|BOTANICAL ELECTRONIC NEWS|
|No. 225 June 7, email@example.com||Victoria, B.C.|
Macoun's meadowfoam, Limnanthes macounii, is an enigmatic, elusive plant that was described from Victoria on southern Vancouver Island and until recently has not been known from anywhere else in the world other than from the southern part of Vancouver Island and adjacent islands.
The first specimens were collected by John Macoun (pronounce "Macown") "in ditches at Victoria" in May 1875. Macoun was unable to identify this plant and send it to William Trelease, who described it as a new species and named it after the collector (Trelease 1888).
Macoun's meadowfoam is a winter annual that occurs in vernal pools, seepy places, or in wet depressions in open Garry oak and Douglas-fir forests. The places where it grows are wet or flooded from winter rains and bone dry in summer. Meadowfoam germinates in October, early after the first heavier rains. At this phase it is the most conspicuous since it starts well ahead of other annual plants. The size of plants does not change too much during the winter and spring. It flowers in April and it can be easily overlooked at flowering time, since its flowers are inconspicuous and plants are usually overgrown with plants of other species.
The species was at the botanical centre of interest in Victoria at the beginning of this century. Dr. C.F. Newcombe (Newcombe's Family Papers, B.C. Provincial Archives, ms.), for instance, regularly visited localities known to him. After Dr. Newcombe's death in 1924, the interest in this species diminished. The last collection of L. macounii cited in Mason's (1952) monograph of Limnanthes was that made by Mr. G.A. Hardy in 1926. In his correspondence with Mason, Mr. Hardy wrote "The localities from which these specimens were gathered have undergone some man-made changes in recent years with the result that this species is now either very rare or extinct in these particular places" (Mason 1952). Based on this information Hitchcock (1961, p. 406) suggested the possibility that L. macounii "was a very local species which no longer survives."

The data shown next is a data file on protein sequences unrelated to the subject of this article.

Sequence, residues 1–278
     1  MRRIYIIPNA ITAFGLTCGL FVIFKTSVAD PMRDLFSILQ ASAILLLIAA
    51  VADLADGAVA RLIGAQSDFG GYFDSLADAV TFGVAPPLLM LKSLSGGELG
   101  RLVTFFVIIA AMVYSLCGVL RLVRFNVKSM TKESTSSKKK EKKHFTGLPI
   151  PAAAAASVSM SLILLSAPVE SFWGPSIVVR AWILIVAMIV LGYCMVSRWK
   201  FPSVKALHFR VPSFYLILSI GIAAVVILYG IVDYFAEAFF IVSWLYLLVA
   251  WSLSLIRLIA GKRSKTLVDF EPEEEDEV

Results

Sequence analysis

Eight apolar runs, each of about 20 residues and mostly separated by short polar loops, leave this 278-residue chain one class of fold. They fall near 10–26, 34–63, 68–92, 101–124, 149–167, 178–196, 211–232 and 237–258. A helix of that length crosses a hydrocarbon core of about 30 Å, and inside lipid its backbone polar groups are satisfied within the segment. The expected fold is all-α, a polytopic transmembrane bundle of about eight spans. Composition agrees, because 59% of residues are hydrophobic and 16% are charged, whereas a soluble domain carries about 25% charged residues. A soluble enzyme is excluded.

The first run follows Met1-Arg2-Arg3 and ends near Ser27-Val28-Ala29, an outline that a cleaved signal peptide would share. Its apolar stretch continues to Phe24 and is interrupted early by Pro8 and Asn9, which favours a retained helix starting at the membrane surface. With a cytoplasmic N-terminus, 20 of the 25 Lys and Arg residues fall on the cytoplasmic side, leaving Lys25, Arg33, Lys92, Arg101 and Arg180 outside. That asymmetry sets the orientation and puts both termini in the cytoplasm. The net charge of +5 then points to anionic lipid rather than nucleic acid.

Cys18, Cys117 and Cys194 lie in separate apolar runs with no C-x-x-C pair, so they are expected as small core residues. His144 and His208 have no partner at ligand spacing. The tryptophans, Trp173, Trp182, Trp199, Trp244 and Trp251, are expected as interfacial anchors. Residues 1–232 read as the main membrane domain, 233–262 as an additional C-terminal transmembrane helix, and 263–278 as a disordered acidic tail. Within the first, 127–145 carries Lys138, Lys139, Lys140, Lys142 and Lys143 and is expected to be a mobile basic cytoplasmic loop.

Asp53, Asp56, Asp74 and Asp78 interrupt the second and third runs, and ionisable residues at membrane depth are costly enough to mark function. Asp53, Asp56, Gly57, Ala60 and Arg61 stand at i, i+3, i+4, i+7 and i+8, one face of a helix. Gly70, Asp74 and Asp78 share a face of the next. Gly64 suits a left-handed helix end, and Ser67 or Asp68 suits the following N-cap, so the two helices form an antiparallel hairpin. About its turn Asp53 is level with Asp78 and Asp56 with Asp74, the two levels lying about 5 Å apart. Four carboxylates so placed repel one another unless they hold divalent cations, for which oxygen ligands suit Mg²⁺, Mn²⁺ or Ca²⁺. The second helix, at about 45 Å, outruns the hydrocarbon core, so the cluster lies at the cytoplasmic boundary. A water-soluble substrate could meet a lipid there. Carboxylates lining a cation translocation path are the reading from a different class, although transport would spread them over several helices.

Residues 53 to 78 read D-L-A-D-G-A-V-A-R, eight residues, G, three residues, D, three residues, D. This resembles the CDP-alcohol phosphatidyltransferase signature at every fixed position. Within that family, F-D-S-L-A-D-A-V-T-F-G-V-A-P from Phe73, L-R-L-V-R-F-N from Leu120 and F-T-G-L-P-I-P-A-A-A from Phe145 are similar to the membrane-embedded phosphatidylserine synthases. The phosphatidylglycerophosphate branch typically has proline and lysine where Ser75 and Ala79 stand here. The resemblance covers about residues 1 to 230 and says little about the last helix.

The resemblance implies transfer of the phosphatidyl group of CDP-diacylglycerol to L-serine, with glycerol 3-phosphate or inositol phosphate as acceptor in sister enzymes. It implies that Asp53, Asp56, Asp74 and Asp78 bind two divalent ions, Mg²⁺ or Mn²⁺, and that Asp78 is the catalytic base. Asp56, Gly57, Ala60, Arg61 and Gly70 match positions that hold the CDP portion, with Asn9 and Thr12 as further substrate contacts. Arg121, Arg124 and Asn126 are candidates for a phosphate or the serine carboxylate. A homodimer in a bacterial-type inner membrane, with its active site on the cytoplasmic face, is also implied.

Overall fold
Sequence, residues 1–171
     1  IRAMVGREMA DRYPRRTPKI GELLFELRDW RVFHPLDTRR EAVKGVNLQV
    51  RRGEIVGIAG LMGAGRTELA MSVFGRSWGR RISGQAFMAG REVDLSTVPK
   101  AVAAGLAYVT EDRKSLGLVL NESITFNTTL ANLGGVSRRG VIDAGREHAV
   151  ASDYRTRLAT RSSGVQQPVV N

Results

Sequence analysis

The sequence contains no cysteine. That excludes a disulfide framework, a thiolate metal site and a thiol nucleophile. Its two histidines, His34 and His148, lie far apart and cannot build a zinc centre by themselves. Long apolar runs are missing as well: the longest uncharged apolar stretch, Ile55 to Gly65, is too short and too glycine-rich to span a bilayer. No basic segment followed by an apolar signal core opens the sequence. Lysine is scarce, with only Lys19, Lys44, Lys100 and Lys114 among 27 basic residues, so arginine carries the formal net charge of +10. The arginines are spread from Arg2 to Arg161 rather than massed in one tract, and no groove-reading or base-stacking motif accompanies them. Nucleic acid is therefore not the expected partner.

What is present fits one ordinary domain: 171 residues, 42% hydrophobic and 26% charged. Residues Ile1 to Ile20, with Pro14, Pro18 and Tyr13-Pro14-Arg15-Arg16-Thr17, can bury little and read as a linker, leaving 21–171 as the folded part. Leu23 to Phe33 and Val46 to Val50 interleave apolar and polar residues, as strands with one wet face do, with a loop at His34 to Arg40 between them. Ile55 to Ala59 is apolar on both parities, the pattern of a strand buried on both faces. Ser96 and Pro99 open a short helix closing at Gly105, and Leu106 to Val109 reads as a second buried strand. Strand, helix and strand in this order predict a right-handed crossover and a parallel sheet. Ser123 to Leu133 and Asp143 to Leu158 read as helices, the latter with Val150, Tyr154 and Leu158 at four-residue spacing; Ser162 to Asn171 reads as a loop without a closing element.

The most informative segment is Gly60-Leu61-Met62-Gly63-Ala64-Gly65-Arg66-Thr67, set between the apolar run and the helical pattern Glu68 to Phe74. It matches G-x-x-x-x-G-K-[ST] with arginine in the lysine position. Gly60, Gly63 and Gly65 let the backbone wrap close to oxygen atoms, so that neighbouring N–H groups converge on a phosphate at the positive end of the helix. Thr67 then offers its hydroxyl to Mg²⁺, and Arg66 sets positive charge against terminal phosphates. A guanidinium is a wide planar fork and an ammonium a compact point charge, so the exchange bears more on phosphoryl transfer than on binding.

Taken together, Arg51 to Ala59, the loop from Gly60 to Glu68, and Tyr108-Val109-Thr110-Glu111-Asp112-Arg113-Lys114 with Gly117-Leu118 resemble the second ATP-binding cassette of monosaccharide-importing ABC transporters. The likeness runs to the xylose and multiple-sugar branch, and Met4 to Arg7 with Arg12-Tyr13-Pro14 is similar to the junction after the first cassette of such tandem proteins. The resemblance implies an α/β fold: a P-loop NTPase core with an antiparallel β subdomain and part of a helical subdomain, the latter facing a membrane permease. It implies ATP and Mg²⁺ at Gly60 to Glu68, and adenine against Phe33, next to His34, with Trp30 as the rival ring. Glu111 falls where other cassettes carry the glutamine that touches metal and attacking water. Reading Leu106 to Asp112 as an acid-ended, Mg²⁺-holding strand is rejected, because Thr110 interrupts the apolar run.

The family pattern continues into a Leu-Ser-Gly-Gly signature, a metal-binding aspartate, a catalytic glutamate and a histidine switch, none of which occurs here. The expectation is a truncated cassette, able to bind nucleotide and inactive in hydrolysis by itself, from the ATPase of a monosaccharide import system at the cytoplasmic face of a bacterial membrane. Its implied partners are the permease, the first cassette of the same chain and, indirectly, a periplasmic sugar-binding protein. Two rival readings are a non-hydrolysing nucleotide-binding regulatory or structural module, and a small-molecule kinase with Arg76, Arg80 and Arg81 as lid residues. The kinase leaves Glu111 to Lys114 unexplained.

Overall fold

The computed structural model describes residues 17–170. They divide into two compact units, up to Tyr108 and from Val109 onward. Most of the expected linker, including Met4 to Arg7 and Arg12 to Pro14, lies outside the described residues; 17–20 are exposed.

In 1956, however, Mr. Hardy found Limnanthes macounii on Trial Island and in 1958 Miss M.C. Melburn found a large population of the species on Cattle Point in the Uplands Park area, Victoria. A specimen from this population has the following remark on the label: "rare, not known from any other locality except reported from Trial Island." Miss Melburn then recorded the sightings of Limnanthes macounii at Cattle Point every year from 1961 to 1978.
Our interest in the distribution of Limnanthes macounii began in 1972 when we accidentally found at that time an unknown locality in the Chinese cemetery at Harling Point, Victoria. From 1972 to 1980 we discovered over 30 distinct populations of L. macounii. The most important find was a cluster of populations on Yellow Point north of Ladysmith in 1977; this extended the known range of L. macounii by 70 km.
In 1987 we completed a status report on Limnanthes macounii and submitted it to the Committee on the Status of Endangered Wildlife in Canada (Ceska & Ceska 1987). In this report we listed 53 populations of Macoun's meadowfoam from about 23 localities, distributed from Beechey Head in Sooke (48 deg. 19' N. 123 deg. 39' W., 25 km SW of Victoria) to Yellow Point near Ladysmith (49 deg 02' N. 123 deg. 45' W., 72 km N of Victoria).
Since 1987 the range of Limnanthes macounii has been extended when Richard Martin found a northernmost locality of Limnanthes on Hornby Island (49 deg. 31' N. 124 deg. 37' W., 151 km N of Victoria). George Douglas found another locality on Gabriola Island, about half way between Hornby Island and Yellow Point. Macoun's meadowfoam had remained a local endemic with a very narrow range.
It was difficult to explain the presence of this species, relatively distinct from other species of the genus, in the area that was glaciated in the last glaciation that ended about 12,000 years ago. In our report (Ceska & Ceska 1987) we offered the following possibilities:
The second hypothesis, i.e., that Limnanthes macounii originally occurred or still occurs in California or Oregon, was the most plausible. We have a group of species that occur from California to the Columbia River Gorge (on the border with Oregon and Washington), are rare or missing in the Washington State, and re-occur again on the southeastern part of Vancouver Island. Allium amplectens, Crassula connata, Dryopteris arguta, Githopsis specularioides, Isoetes nuttallii, Microseris bigelovii, Montia howellii, Ranunculus californicus, Sanicula arctopoides, Trifolium depauperatum, Triphysaria versicolor subsp. faucibarbata, and Vulpia microstachys var. pauciflora can be given as an example. Most of these species have ecology similar to Limnanthes macounii and some occur in the same localities as Macoun's meadowfoam.